What eReader sales might we lose over the course of 2010?

So far we’ve had 165,000 lost sales at the rate of roughly 44,000 sales lost a month.

Over the next 7 months in the best case scenario sales losses occur at the same rate – which equates to an additional 308,000 lost. That means a total loss of 473,000 sales. A significant loss but not a huge one.

In the worst case scenario the rate of lost sales keeps going up and we’re losing an average of 100,000 sales a month. That would mean 865,000 eReader sales lost to the iPad in 2010. Pretty significant – However, it still wouldn’t kill eReaders. In fact, they’d probably sell more than they did last year (assuming 5 million in 2009).

That 865,000 sales lost number is pretty much the upper limit. It’s assuming 100,000 sales lost a month from here on out.

In the worst case the iPad will eat up 20% of eReader sales

It’s obviously a very different figure for ‘lost eReader sales’ if you compare number of iPads sold against number of eReaders sold. However, as this survey shows, only 33% of people read ebooks on their iPad. So it’s pretty unrealistic to count the other 67% of iPads as ‘lost eReader sales’.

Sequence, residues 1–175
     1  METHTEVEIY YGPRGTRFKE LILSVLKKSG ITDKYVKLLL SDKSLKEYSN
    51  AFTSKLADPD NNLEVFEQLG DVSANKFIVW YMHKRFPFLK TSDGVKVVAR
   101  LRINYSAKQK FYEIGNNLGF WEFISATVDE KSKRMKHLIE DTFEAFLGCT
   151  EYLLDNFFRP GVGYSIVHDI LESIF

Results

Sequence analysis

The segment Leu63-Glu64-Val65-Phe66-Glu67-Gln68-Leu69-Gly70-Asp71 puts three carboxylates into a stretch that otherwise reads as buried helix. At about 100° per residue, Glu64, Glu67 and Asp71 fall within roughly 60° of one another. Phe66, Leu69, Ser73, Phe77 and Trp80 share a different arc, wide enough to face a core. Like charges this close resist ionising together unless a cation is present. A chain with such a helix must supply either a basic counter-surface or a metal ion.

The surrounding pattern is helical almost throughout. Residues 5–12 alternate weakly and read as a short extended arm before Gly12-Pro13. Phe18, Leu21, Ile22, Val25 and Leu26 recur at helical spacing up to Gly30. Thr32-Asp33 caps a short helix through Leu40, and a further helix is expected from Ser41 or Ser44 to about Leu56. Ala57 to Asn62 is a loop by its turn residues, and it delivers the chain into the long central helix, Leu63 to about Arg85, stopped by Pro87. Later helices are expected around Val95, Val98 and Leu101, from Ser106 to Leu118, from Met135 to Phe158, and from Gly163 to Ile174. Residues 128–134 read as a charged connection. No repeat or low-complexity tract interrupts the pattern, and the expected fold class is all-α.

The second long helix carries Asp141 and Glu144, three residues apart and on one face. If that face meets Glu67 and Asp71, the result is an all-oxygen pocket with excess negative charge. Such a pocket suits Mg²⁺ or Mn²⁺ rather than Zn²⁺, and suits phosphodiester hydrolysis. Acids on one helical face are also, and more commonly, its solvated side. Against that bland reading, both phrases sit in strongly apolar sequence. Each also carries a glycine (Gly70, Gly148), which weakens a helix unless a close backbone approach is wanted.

In the realistic worst case scenario we lose 865,000 eReader sales to the iPad which would be less than 20% of eReader sales for 2010.

If you want to play games with numbers you could claim that all 33% of iPads that are used for reading books are lost eReader sales (even though they’d probably have been iPhone and iPod sales if the iPad wasn’t around). If we do go with that and we have 5 million iPad sales, then we get 1.66 million iPads sold that were lost eReader sales.

If 5 million eReaders were supposed to be sold this year then a loss of 1.66 million is 33%. A huge number but it’s still not a big enough number to kill the eReader. Also, with this we’re assuming that just 3.34 million eReaders sell this year. That’s unlikely – Amazon alone might sell that many Kindles.

Basically, the iPad is doing exactly what you’d logically think it would – stealing chunks of various markets (iPod, Mac, Netbook, Laptop, Kindle, etc.) and combining those to get big numbers – at least so far.

What’s the benchmark for the iPad to be considered a huge success?

If you’re thinking ‘revolutionary and magical’ and a new paradigm of computing then it’s probably tens of millions of units. That would mean hitting 5 million or more in its first year.

If Apple persists in going with the eReader route then it can keep claiming it has huge comparative numbers even though only 33% of them actually read ebooks. This is probably what Apple is going to do. Pick markets like Tablet PCs and eReaders that are small and try to show that the iPad dominates them. It’s hoping that the buzz gets lots of people into buying the iPad.

That in turn would let Apple hit economies of scale and sell the iPad at a more compelling price point.

The 33% number is really surprising. Guess the Apple reality distortion field had affected me too because it seemed like 75% of the people who bought an iPad talked about reading lots of books on it.